Immanuel Kant was an 18th Century Prussian philosopher. He was a homebody (living and dying in his village), precise (legend has it the village housewives could set their clocks by his afternoon walks), and an academic at his alma mater, the University of Königsberg.
A key premise of his philosophy of ethics was that "the right thing to do" could not be determined by emotions: one could not "feel" the way to an ethical decision. To the contrary, and perhaps mirroring his legendary rigid lifestyle, Kant looked to absolute duties that should be consistently and universally applied. Indeed, Kant's major work detailing his formulation of moral law is entitled, Critique of Practical Reason (1788). Moreover, Kant believed one should not be swayed by the consequences of a decision; an action is deemed ethical if it arises from one's motive to act out of duty.
Although Kant never ventured far from his village, his writings travelled globally. He remains a premier influence on contemporary ethical studies. Fortunately, other philosophers have deciphered and better explained Kant's theory of the ethical life.
See for yourself and be thankful for their efforts.
Jeremy Bentham (1748-1832) was the Godfather of Utilitarianism. He was a lawyer (who avoided the courtroom), an inventor of items (central heating systems and refrigeration units) and words (dynamic, exhaustive, and 'catastatico-chrestic physiurgics'), and author (Auto-Icon: Or, Farther Uses of the Dead to the Living, which suggested the preserved bodies of the famous might serve as excellent lawn ornaments).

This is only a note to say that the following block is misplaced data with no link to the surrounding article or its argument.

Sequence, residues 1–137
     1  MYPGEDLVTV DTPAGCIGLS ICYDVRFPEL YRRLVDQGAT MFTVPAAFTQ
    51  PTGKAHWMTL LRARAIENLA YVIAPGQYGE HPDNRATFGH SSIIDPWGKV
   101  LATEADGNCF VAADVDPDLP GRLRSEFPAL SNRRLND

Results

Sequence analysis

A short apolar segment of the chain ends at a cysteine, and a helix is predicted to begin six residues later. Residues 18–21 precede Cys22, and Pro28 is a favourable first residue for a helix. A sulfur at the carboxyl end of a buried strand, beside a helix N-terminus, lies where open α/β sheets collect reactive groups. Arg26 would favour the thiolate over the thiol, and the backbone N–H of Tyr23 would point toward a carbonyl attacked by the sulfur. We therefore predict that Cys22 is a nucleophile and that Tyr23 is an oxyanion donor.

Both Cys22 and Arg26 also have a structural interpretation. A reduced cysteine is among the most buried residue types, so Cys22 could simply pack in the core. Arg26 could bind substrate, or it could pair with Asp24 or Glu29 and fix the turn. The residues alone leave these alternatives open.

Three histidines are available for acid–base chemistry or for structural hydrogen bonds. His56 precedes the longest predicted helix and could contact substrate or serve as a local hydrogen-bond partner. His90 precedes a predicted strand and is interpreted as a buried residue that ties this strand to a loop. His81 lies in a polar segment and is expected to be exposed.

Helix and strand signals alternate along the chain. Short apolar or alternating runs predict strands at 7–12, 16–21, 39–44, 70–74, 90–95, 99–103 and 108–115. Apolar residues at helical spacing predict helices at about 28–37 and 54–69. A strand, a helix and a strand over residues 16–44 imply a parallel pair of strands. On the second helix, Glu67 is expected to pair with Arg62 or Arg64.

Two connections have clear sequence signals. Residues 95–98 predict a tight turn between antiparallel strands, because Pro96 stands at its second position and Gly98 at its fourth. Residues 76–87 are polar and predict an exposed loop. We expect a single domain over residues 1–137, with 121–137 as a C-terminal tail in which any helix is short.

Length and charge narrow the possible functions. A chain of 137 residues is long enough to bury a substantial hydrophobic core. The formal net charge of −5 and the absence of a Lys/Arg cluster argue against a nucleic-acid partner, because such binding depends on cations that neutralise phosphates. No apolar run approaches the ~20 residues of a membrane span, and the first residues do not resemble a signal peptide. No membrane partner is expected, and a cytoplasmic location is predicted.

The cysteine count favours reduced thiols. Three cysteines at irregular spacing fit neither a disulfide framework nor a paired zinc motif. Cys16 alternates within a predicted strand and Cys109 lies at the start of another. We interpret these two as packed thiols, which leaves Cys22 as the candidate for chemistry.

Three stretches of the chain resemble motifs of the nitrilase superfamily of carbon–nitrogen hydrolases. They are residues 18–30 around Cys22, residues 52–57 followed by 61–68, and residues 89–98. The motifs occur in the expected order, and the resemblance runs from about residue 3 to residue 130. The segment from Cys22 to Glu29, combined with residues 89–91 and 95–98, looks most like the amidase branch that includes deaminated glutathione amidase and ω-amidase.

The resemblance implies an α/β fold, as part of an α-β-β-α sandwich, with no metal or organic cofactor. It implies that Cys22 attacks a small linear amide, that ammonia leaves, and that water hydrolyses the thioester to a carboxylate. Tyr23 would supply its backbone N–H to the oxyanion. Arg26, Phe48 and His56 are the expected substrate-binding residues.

Bentham's philosophy of ethics began with his observation that people act out of self interest. We seek pleasure and avoid pain. He then identified the Principle of Utility or the Greatest Happiness Principle as the moral guideline for living: approve or disapprove of an action according to its tendency to augment or diminish happiness. Bentham was looking at consequences. In sum, the ethical choice is that which yields the greatest good or happiness for the greatest number.
Explore the teachings of this British philosopher, radical, and social reformer:
By the way, Bentham took his own advice. He continues to inspire – seated in a glass box at the entry to University College in London.
John Steward Mill
John Steward Mill (1806-1873) was Jeremy's friend and, fortunately for Utilitarians, the one who took on Bentham's critics. He answered some of the more difficult questions such as, "Can pleasures be qualified?" Mill observed, "Better to be a man dissatisfied than a pig satisfied." Mill can give you an in-depth explanation of how he arrived at that remarkable conclusion.
Mill was certainly up to the task. He read Greek by the age of three and Latin by age eight. He kept busy: by his early teenage years, Mill had made an extensive survey of history and was well versed in law, psychology, economics, math, and logic. By age 20, Mill suffered a nervous breakdown. He credited his recovery to the pursuit of art and poetry.